With Distributed Denial of Service (DDos) attacks getting bigger and more disruptive, the Defense Department wants new ideas for defending its networks.
No one wants to be the target—or the victim—of a Denial of Service attack. Although the attacks don’t do permanent damage to systems, for a company, they can disrupt business and cost money. For the Defense Department, the stakes are higher. DDoS attacks can disrupt critical command and control networks, interfere with situational awareness, jeopardize missions, and put lives at risk.
DDoS attacks are on the rise and they leverage more bandwidth against targets, so the Defense Advanced Research Projects Agency is looking for the next generation of network security. It is soliciting innovative ideas [https://www.fbo.gov/index?s=opportunity&mode=form&tab=core&id=90adebdc1ca6076cd48b62bee1e20332&_cview=1] that “enable revolutionary advances” in defense against DDoS attacks. The Extreme DDoS Defense (XD3) program will fund development of the best ideas and is expected to award multiple procurement contracts or cooperative agreements over the next three years.
Current defensive techniques just don’t cut it against modern DDoS attacks, DARPA says. Network-based filtering, traffic diversion and replication of data are too slow in military environments that require high levels of reliability, blocking attack traffic can also disrupt legitimate traffic, and encrypted tunnels complicate detection and response.
“A clear need therefore exists for fundamentally new DDoS defenses that afford far greater resilience to these attacks, across a broader range of contexts, than existing approaches,” DARPA said.
One of the areas DARPA wants to see addressed in XD3 is cloud computing. DoD takes advantage of the cloud to provide global access to critical resources, but the cloud can provide rich targets for DDoS attacks. So, DARPA is soliciting proposals for “Manageable Dispersion of Cyber Resources.” This essentially is scattering resources so they do not present a single, easily compromised target. The challenge in this approach is the impact on performance when time is critical, especially in situations with highly variable bandwidth. The goal of this task according to the solicitation, “is to devise and demonstrate new architectures that physically and logically disperse these capabilities while retaining (or even exceeding) the performance of traditional centralized approaches.”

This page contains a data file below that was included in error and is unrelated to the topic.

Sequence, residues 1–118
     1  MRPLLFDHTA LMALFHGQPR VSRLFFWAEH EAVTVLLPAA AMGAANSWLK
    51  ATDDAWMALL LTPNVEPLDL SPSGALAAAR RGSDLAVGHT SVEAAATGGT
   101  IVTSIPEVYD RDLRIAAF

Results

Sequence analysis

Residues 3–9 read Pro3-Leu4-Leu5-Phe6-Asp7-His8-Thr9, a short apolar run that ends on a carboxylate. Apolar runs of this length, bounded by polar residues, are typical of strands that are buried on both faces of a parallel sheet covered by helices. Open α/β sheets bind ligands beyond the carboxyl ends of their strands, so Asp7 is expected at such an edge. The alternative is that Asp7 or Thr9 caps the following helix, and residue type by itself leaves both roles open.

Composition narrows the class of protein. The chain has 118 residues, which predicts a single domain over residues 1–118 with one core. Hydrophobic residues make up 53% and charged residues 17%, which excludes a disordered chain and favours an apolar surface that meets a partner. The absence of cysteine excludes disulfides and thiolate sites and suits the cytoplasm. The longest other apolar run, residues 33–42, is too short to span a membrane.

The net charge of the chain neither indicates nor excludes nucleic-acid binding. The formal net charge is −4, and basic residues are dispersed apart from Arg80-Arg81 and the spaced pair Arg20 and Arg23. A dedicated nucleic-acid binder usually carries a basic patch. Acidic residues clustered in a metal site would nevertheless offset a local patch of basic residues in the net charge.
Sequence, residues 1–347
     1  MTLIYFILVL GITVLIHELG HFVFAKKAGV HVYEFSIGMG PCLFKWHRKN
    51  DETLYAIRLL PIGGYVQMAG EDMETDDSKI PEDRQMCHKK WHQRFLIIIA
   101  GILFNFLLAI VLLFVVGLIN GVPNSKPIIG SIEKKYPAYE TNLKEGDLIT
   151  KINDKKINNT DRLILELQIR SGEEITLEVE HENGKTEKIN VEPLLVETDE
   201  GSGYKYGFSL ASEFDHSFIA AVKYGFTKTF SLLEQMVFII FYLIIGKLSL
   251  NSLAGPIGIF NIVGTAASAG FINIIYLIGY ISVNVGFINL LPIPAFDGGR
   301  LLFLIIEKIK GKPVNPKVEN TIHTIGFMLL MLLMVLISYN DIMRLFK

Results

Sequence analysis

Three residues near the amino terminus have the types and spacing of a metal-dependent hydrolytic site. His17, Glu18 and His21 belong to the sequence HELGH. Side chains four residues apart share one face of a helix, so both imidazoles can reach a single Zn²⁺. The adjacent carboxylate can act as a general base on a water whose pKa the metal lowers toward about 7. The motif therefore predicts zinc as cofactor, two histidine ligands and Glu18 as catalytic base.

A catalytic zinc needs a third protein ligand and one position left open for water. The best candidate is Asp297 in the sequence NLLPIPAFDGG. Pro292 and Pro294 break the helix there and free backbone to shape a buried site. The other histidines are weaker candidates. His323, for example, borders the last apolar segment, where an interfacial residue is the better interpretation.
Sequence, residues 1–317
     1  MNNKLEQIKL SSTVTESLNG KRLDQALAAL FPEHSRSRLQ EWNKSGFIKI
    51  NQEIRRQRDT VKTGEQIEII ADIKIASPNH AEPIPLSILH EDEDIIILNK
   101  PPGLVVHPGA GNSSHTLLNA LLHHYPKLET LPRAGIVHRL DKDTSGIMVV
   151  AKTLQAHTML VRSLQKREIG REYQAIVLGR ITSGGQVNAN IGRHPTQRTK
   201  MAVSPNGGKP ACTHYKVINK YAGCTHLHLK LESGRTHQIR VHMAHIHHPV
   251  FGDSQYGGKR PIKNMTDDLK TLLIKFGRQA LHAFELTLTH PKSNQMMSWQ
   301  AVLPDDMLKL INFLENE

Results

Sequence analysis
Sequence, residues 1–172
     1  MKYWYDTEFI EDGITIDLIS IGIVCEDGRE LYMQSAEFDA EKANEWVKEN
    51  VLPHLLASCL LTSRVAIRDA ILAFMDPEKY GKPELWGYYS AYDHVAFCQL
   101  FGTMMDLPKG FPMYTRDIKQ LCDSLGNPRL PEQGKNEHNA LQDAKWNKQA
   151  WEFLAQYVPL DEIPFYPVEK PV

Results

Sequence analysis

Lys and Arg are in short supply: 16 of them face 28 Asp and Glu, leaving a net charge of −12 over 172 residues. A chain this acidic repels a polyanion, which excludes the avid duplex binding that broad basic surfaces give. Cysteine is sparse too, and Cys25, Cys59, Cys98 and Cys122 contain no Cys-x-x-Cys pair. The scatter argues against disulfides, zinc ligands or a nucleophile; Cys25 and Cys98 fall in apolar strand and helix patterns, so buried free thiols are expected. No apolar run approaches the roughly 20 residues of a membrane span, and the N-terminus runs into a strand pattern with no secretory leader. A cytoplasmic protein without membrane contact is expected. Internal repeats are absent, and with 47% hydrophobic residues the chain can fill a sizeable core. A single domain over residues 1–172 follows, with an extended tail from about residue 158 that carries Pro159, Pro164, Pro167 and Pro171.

dinCloud already has rolled out a cloud Domain Name System (DNS) service in response to the growing number of DDoS attacks. The service, dinDNS, lets customers bundle domains so that they can rapidly move resources to keep them available during an attack, making them virtually impervious to DDoS. The dinCloud Anycast network is spread across more than 20 data centers around the world and users can choose where each of their services is hosted. The network works with the ThreatSTOP IP Reputation response system to counter DDoS traffic from botnets, keeping distributed resources continuously available. dinDNS is one more way dinCloud differentiates itself in providing a higher level of security for government and private sector customers.
DARPA’s XD3 program will be funded in two 18-month phases beginning in April 2016. Proposals are due by Oct. 13. You can obtain more information about the program by e-mailing XD3@darpa.mil.
William Jackson is a freelance writer with the Tech Writers Bureau and author of The Cybereye. Follow him on Twitter @TheCybereye.
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